C2—C1—C6120.73 (17)O1—C6—C5123.47 (16)
C2—C1—Br1119.28 (13)C1—C6—C5119.12 (17)
C6—C1—Br1119.99 (14)O2—C7—H7A109.5
C1—C2—C3119.87 (17)O2—C7—H7B109.5
C1—C2—H2120.1H7A—C7—H7B109.5
C3—C2—H2120.1O2—C7—H7C109.5
C2—C3—C4120.59 (17)H7A—C7—H7C109.5
C2—C3—Br2119.71 (13)H7B—C7—H7C109.5
C4—C3—Br2119.70 (14)O1—C8—H8A109.5
O2—C4—C5123.84 (16)O1—C8—H8B109.5
O2—C4—C3117.20 (16)H8A—C8—H8B109.5
C5—C4—C3118.96 (16)O1—C8—H8C109.5
C6—C5—C4120.72 (16)H8A—C8—H8C109.5
C6—C5—H5119.6H8B—C8—H8C109.5
C6—C1—C2—C30.3 (3)O2—C4—C5—C6179.44 (17)
Br1—C1—C2—C3179.81 (14)C3—C4—C5—C60.5 (3)
C1—C2—C3—C40.2 (3)C8—O1—C6—C1174.78 (17)
C1—C2—C3—Br2179.77 (14)C8—O1—C6—C55.2 (3)
C7—O2—C4—C55.2 (3)C2—C1—C6—O1179.57 (17)
C7—O2—C4—C3175.84 (17)Br1—C1—C6—O10.3 (2)
C2—C3—C4—O2179.34 (16)C2—C1—C6—C50.5 (3)
Br2—C3—C4—O21.1 (2)Br1—C1—C6—C5179.65 (13)
C2—C3—C4—C50.3 (3)C4—C5—C6—O1179.48 (17)
Br2—C3—C4—C5179.86 (13)C4—C5—C6—C10.5 (3)
Hydrogen-bond geometry (Å, º) top
D—H···AD—HH···AD···AD—H···A
C7—H7C···O1i0.982.703.632 (3)160
C1—Br1···Cgii1.89 (1)3.75 (1)5.5701 (19)161 (1)
Symmetry codes: (i) x, y1/2, z+1/2; (ii) x+1, y+1/2, z+1/2.

Experimental details

Crystal data
Chemical formulaC8H8Br2O2
Mr295.96
Crystal system, space groupMonoclinic, P21/c
Temperature (K)200
a, b, c (Å)7.7944 (2), 8.5884 (4), 14.7877 (4)
β (°) 107.838 (1)
V3)942.32 (6)
Z4
Radiation typeMo Kα
µ (mm1)8.56
Crystal size (mm)0.47 × 0.46 × 0.34
Data collection
DiffractometerBruker APEXII CCD
diffractometer
Absorption correctionMulti-scan
(SADABS; Bruker, 2008)
Tmin, Tmax0.674, 1.000
No. of measured, independent and
observed [I > 2σ(I)] reflections
15097, 2350, 2094
Rint0.032
(sin θ/λ)max1)0.668
Refinement
R[F2 > 2σ(F2)], wR(F2), S 0.021, 0.049, 1.08
No. of reflections2350
No. of parameters111
H-atom treatmentH-atom parameters constrained
Δρmax, Δρmin (e Å3)0.55, 0.52

Computer programs: APEX2 (Bruker, 2010), SAINT (Bruker, 2010), SHELXS97 (Sheldrick, 2008), ORTEP-3 (Farrugia, 2012) and Mercury (Macrae et al., 2008), SHELXL97 (Sheldrick, 2008) and PLATON (Spek, 2009).

Hydrogen-bond geometry (Å, º) top
D—H···AD—HH···AD···AD—H···A
C7—H7C···O1i0.982.703.632 (3)159.7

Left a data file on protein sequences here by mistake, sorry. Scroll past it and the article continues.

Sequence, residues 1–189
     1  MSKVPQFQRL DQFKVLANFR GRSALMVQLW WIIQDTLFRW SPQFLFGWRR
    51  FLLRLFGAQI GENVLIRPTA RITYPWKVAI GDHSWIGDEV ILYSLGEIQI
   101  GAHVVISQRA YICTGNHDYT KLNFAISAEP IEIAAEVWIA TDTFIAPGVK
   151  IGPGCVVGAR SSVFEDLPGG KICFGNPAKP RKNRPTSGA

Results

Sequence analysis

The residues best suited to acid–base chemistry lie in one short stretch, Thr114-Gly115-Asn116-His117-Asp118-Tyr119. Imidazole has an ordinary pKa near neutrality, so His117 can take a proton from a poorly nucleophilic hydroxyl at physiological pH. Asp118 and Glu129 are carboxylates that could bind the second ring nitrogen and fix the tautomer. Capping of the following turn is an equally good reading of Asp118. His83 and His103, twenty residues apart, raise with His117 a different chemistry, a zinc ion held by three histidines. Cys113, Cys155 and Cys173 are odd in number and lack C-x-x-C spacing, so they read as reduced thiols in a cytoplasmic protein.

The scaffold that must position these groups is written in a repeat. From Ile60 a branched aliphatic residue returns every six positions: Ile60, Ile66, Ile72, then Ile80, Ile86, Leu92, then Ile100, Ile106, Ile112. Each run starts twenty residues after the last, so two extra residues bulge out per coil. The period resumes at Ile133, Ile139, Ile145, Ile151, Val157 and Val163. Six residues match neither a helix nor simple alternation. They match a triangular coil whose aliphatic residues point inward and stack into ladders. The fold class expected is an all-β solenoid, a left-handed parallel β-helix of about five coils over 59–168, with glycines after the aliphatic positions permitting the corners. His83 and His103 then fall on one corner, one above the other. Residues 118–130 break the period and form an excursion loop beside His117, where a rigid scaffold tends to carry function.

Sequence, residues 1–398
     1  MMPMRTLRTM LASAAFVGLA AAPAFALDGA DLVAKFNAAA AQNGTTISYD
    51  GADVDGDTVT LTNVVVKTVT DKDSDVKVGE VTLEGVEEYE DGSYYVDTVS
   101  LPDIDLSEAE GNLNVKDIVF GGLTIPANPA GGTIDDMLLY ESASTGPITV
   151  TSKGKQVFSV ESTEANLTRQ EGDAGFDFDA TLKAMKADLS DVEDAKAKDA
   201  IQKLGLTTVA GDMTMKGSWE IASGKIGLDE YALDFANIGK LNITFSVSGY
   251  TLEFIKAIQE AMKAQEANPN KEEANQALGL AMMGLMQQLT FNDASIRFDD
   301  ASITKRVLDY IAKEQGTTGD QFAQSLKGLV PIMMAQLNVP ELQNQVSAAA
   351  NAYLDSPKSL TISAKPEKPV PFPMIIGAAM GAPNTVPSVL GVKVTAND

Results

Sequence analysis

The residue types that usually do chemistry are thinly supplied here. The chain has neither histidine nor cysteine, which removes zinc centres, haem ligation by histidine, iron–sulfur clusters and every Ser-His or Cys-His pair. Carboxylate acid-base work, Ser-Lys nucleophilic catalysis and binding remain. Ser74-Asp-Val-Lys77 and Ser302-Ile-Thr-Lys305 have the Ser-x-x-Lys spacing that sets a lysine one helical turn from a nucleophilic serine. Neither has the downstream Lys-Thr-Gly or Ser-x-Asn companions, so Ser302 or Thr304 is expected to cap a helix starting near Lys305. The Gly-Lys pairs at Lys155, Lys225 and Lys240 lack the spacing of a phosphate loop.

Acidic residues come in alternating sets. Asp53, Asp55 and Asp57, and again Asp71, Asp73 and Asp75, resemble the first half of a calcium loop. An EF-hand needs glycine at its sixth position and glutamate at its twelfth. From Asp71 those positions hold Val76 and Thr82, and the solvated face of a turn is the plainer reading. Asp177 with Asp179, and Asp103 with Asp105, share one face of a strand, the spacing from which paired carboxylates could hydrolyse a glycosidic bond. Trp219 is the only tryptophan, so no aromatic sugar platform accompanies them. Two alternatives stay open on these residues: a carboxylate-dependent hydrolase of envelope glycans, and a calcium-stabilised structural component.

Symmetry code: (i) x, y1/2, z+1/2.
 

Acknowledgements

AMI is thankful to the Department of Atomic Energy, Board for Research in Nuclear Sciences, Government of India, for a Young Scientist award.

References

First citationBernstein, J., Davis, R. E., Shimoni, L. & Chang, N.-L. (1995). Angew. Chem. Int. Ed. Engl. 34, 1555–1573.  CrossRef CAS Web of Science
First citationBruker (2008). SADABS. Bruker AXS Inc., Madison, Wisconsin, USA.
First citationBruker (2010). APEX2 and SAINT. Bruker AXS Inc., Madison, Wisconsin, USA.
First citationFarrugia, L. J. (2012). J. Appl. Cryst. 45, 849–854.  Web of Science CrossRef CAS IUCr Journals
First citationMacrae, C. F., Bruno, I. J., Chisholm, J. A., Edgington, P. R., McCabe, P., Pidcock, E., Rodriguez-Monge, L., Taylor, R., van de Streek, J. & Wood, P. A. (2008). J. Appl. Cryst. 41, 466–470.  Web of Science CrossRef CAS IUCr Journals
First citationPahari, P. & Rohr, J. (2009). J. Org. Chem. 74, 2750–2754.  Web of Science CrossRef PubMed CAS
First citationSheldrick, G. M. (2008). Acta Cryst. A64, 112–122.  Web of Science CrossRef CAS IUCr Journals
First citationSpek, A. L. (2009). Acta Cryst. D65, 148–155.  Web of Science CrossRef CAS IUCr Journals
First citationYang, Y., Escobedo, J. O., Wong, A., Schowalter, C. M., Touchy, M. C., Jiao, L., Crowe, W. E., Fronczek, F. R. & Strongin, R. M. (2005). J. Org. Chem. 70, 6907–6912.  Web of Science CSD CrossRef PubMed CAS
First citationYang, L., Lu, Z. & Stahl, S. S. (2009). Chem. Commun. pp. 6460–6462.  Web of Science CrossRef

This is an open-access article distributed under the terms of the Creative Commons Attribution (CC-BY) Licence, which permits unrestricted use, distribution, and reproduction in any medium, provided the original authors and source are cited.

Journal logoCRYSTALLOGRAPHIC
COMMUNICATIONS
ISSN: 2056-9890
Follow Acta Cryst. E
Sign up for e-alerts
Follow Acta Cryst. on Twitter
Follow us on facebook
Sign up for RSS feeds